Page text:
Kilgo’s book highlights how disciplinarity limits potential connections with the multitudes of scholarship that conceptually, empirically, and practically addressed queer and trans oppression beyond the narrow focus of higher education literature (e.g., Mayo 2013; Muñoz 1999). What harm does it cause to trans and queer people with multiple marginalized identities when scholarship focuses on a desire for acceptance that reifies norms (e.g., cis, hetero, white, etc.)? Furthermore, as Gossett, Stanley, and Burton (2017) pointed out in their necessary anthology, Trap Door: Trans Cultural Production and the Politics of Visibility, the increase in queer and trans visibility is uncomfortably situated alongside heightened threat, risk, violence, and death, especially for trans women of color, who remain some of the most vulnerable people in broader queer and trans communities.

It also bears stating that one’s holding a queer identity does not equate to one’s conveying a queer epistemic orientation and/or ethic. This feels important to state because queer people are often seen as experts on queer issues, even if—as one of our own’s scholarly work suggests (Catalano 2015)—we are not and/or desire not to be. So, while it is vital to recognize the author of this text as a part of the queer community, we worry that overly sanitizing our commentary about this book due to our—the author, us as reviewers, and perhaps many of the readers of this review—shared queer identities may further a form of epistemic violence to queer—and especially queer of color—ways of knowing and being in the world.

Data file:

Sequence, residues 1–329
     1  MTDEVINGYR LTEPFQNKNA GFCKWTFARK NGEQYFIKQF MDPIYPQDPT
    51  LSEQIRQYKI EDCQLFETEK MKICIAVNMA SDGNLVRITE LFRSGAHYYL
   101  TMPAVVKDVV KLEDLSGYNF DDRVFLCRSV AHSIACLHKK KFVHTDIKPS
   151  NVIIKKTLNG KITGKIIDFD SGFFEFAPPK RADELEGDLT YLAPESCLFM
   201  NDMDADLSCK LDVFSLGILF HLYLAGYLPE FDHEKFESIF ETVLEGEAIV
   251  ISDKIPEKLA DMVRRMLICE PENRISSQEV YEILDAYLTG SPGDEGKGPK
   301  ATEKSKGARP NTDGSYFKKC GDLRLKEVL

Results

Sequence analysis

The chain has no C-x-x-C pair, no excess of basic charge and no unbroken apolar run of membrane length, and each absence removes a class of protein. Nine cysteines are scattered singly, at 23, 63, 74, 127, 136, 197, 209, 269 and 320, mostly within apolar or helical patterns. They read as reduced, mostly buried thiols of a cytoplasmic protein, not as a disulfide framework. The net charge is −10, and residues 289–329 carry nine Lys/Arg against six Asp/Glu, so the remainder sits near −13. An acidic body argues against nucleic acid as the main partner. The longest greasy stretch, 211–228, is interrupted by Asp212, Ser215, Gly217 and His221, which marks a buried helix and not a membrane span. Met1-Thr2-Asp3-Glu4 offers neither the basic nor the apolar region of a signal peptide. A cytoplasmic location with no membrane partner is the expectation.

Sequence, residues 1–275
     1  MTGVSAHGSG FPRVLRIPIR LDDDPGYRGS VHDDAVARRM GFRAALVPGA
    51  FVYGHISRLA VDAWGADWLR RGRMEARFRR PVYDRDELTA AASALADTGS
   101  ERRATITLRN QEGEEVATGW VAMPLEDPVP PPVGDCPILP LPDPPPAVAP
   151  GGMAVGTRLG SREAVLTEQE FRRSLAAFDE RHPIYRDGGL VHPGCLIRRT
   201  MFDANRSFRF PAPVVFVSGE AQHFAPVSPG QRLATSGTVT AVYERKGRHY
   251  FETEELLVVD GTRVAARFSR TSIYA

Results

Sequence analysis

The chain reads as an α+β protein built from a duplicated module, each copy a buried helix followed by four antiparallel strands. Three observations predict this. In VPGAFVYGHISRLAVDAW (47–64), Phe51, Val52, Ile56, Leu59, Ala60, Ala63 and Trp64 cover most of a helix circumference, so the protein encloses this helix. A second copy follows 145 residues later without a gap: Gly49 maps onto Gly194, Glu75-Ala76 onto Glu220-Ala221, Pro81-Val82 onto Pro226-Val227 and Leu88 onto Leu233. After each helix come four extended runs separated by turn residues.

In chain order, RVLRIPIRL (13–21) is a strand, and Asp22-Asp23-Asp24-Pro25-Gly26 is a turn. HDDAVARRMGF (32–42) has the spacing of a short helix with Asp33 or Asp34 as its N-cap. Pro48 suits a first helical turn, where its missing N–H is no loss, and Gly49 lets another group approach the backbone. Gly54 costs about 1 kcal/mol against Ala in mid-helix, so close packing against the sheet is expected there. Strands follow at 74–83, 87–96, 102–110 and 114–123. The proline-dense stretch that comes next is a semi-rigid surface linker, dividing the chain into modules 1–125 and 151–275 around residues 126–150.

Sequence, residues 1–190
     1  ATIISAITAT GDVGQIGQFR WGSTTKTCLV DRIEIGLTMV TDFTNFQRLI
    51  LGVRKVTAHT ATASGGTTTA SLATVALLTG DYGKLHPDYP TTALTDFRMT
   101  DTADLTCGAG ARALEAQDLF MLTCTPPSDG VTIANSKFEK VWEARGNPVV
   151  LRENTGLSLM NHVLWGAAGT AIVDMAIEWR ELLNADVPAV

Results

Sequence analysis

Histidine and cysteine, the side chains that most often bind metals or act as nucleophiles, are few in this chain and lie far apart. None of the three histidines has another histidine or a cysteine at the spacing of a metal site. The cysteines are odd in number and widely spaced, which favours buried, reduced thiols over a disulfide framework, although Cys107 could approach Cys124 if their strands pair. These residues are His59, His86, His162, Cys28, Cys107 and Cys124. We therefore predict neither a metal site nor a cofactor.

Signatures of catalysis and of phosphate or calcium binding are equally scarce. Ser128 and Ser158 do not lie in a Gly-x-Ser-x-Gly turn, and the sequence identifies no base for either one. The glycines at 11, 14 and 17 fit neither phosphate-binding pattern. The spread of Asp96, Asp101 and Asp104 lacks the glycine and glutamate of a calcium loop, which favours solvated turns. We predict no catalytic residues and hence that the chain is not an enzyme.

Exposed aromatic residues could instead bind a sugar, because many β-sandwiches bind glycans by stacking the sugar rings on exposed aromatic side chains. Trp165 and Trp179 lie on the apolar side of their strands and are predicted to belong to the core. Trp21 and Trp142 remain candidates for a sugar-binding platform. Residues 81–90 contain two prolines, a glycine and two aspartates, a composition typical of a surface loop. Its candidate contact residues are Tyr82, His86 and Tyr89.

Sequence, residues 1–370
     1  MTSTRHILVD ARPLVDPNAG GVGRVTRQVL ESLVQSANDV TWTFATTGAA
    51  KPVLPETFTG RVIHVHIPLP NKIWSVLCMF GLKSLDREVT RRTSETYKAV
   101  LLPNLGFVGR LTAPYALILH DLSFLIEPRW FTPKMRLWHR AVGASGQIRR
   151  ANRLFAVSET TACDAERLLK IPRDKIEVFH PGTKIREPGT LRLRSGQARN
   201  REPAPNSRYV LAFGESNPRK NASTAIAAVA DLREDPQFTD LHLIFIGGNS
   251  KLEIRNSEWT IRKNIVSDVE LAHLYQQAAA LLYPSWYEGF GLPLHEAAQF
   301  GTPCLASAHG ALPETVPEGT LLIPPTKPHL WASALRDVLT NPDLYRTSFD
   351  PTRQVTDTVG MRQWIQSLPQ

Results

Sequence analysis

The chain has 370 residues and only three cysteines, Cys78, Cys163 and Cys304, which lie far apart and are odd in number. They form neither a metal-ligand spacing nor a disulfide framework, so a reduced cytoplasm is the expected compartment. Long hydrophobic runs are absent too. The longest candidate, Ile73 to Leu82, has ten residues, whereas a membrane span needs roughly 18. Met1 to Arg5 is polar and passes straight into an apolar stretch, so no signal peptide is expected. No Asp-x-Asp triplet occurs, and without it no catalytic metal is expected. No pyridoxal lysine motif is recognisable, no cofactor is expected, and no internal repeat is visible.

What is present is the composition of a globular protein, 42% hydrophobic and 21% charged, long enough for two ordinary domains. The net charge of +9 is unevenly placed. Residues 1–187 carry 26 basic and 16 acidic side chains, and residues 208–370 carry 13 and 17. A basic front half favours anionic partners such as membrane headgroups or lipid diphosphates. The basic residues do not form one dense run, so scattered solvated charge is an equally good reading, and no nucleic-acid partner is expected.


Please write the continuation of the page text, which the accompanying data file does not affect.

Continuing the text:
The audience for Supporting Success for LGBTQ+ Students: Tools for Inclusive Campus Practice will benefit from the basic ideas and practice suggestions within its pages. However, we could not help but want more from the text; in its framing, critique of normativity, and desiring and demanding the worlds queer and trans students need beyond the confining conditions they currently have. While we recognize the book’s attempt at concision—this is, after all, something many authors strive for in their work—we worry that the form of the book may have curtailed elucidating vital possibilities for queer livingness, especially in this moment and place. In other words, there are unintended consequences when texts pose conciseness and readability as opposed to possibilities and complexity; while these need not be mutually exclusive, we worry their being posed as such through this text may limit its overall efficacy.